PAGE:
words: David Marples
A body stands on one end of a seesaw, rooting that end firmly to the ground.
In front of a rain-drenched and sunshine-draped City Ground, Nottingham Forest confirmed their status as one of the most difficult teams to beat in this division against a Stoke City team that appears to be operating below the sum of its parts.
Nonetheless, the home team found the opening third of the game heavy going and found it difficult to maintain much meaningful possession in the opposition half as Ryan Woods out-Jack Colbacked Jack Colback. Woods, on loan from Brentford with a view to a permanent switch, was excellent in moving the ball forward and it was he who picked up the ball deep in his own half, scuttled meaningfully through midfield and released Benik Afobe with a wonderful ball, putting him clean through against Costel Pantilimmon. Hold your own ‘red card vs dive’ debate here.
A body edges up one side of a seesaw, lifting that end off the ground.
As the game progressed, Aitor Karanka’s team found more intensity and penetration down the flanks. Tendayi Darikwa – outstanding throughout – made it to the touchline before crossing for João Carvalho to shoot, denied only by Ryan Shawcross sticking out a spider-leg.
“In the first half I do not know if we had too much respect for them, with their Premier League players,” said Karanka. "But at half-time I told the players that we had to play our way, that we had to be brave and want the three points, and the second half was much better.”
A body takes a step over the middle of a seesaw, tilting it decisively.
Forest took the initiative and looked dangerous when the full backs raided and doubled up with the wide players who for the main part, had chalk on their luminous boots. Lewis Grabban somewhat surprisingly snatched at a chance after a chronic bout of dillying and dallying in the Stoke back line, preciptitated by crippling indecision by goalkeeper Jack Butland. Yet it was Butland who arguably earned the visitors a point as it was he who quickly ate up the space in front of Grabban when presented with a sight on goal and who somehow pawed a Joe Lolley effort away which was arcing towards the top corner of the Trent End net.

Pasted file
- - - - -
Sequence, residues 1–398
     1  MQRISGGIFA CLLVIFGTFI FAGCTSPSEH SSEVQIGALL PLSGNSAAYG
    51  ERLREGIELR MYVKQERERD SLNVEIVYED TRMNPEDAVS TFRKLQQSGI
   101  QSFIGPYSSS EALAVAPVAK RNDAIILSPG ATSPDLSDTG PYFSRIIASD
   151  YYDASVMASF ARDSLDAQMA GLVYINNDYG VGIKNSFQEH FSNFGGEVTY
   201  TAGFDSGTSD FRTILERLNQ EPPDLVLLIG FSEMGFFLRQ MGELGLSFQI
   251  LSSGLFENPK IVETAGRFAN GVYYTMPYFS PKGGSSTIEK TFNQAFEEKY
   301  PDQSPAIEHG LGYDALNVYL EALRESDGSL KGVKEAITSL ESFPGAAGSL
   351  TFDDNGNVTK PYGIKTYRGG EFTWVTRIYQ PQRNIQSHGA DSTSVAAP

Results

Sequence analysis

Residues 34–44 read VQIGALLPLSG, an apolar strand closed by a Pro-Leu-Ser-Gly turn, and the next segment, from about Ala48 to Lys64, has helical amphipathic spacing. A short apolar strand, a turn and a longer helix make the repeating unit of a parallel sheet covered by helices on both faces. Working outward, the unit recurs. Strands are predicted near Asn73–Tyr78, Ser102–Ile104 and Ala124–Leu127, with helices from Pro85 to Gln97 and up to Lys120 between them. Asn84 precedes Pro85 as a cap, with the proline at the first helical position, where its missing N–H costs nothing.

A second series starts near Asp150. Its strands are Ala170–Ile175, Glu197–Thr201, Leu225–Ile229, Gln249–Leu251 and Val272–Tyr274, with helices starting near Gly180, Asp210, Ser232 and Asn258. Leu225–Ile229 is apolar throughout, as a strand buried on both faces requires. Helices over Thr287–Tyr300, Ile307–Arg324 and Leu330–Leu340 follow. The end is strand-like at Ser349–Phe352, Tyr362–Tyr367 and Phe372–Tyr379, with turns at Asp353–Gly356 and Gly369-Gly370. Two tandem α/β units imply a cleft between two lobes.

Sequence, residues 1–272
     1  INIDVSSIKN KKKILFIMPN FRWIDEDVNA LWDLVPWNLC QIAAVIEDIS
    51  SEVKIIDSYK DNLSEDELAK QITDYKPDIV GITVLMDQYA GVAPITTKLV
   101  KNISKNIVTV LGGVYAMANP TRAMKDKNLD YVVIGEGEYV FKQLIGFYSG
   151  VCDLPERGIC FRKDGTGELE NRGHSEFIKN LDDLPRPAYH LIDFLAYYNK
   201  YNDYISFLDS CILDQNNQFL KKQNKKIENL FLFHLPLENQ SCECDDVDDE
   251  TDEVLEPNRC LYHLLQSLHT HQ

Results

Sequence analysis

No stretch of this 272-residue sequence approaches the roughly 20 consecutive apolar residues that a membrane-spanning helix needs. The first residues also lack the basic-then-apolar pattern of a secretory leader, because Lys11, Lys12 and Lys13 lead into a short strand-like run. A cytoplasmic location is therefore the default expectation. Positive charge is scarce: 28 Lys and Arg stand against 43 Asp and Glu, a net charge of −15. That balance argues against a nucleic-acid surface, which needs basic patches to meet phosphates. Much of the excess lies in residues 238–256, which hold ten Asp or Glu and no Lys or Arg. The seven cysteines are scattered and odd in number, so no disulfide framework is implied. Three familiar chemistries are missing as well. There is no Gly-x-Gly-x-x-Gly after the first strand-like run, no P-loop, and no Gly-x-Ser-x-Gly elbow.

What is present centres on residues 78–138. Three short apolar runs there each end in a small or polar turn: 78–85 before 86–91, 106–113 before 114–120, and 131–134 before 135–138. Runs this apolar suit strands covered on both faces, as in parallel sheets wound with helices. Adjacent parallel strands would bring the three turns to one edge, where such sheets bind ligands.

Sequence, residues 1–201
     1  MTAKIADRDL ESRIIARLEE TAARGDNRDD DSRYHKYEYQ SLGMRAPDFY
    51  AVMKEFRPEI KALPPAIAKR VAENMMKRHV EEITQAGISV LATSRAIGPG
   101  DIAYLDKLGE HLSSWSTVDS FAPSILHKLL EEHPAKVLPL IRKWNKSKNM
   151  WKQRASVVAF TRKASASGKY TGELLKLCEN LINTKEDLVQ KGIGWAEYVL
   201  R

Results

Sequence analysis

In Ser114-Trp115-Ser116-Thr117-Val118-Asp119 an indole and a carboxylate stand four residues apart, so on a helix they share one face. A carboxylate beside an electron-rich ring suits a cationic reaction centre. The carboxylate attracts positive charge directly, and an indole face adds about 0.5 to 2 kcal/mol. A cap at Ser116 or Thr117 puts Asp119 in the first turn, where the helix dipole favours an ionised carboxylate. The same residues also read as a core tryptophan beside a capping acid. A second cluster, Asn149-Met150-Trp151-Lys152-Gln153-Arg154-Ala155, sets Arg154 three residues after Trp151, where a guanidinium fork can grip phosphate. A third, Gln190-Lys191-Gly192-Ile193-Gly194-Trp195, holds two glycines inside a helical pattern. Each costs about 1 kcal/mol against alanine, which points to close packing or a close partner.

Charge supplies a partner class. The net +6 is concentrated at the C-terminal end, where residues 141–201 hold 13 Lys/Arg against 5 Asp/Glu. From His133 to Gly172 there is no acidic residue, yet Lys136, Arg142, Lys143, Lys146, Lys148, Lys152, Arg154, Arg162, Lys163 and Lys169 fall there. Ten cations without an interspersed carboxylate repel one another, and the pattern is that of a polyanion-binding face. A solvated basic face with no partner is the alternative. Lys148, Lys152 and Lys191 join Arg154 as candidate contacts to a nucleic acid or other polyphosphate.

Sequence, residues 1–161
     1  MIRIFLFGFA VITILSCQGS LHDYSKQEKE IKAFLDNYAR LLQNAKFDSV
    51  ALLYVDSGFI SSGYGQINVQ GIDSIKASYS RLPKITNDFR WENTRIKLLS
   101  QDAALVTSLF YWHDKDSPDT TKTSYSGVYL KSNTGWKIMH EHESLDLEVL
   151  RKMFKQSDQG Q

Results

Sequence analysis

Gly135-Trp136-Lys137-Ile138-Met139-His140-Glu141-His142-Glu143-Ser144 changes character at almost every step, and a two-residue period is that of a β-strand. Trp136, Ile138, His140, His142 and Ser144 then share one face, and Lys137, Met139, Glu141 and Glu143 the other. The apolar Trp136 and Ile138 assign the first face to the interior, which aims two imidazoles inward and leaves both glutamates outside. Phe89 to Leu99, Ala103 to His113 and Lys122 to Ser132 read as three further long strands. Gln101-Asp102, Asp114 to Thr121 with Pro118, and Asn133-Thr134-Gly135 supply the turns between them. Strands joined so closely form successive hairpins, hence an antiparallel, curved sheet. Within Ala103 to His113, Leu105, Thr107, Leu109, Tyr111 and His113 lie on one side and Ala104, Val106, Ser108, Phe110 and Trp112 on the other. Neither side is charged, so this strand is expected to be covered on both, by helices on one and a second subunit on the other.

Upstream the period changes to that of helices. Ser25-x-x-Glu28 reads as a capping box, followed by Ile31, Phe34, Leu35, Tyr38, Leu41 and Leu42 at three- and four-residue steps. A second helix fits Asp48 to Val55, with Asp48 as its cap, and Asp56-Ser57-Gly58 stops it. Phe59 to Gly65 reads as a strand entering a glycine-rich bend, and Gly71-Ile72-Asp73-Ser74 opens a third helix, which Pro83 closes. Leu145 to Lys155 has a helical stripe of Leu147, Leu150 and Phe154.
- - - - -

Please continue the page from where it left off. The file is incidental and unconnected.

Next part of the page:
When Stoke manager Gary Rowett said that, “We defended excellently, we just didn't find that last finish,” he was clearly pointing a big old finger at Saido Berahino who just like he did in the League Cup, fluffed his lines when presented with a very presentable opportunity to make a sizable dent into his unwanted goalscoring (or lack of it) reputation.
In many ways, the ebb, flow and panoramic view of the game was similar to that against then league leaders Sheffield United a week previously. All that was missing for Forest on this occasion was a decisive piece of magic to turn the game in their favour. Although Lolley produced such quality with his strike from the edge of the box, Butland fished out his own morsel of quality and slammed his own nine England caps down on the table. Checkmate, mate.
All of which means that while goals in recent games are coming slightly harder to come by for Forest, they are increasingly adept at not conceding them – rather like a body standing in the middle of a seesaw striving to keep it level. The last four league games have seen only one goal conceded and that should come with a big old asterisk since it was that one against Leeds scored by that cheeky scamp, Kemar Roofe.
There is a sense that this team is now bedding down, sticking on its favourite pyjamas and getting settled for a long dark night on the sofa, ready to consume the winter schedule. In a league which sees Leeds beat Derby 4-1, Derby beat West Brom 4-1 and West Brom beat Leeds 4-1, being obdurately hard to beat while having the quality to unpick mean defences are increasingly valuable commodities.
Issue Ten will be posted out to subscribers in the next few days. It will be available to buy from our website for non-subscribers very soon. In the meantime, you can pick up a copy from MSR newsagents on Trent Bridge where you will also find loads of Forest books and memorabilia to stick on your Christmas list.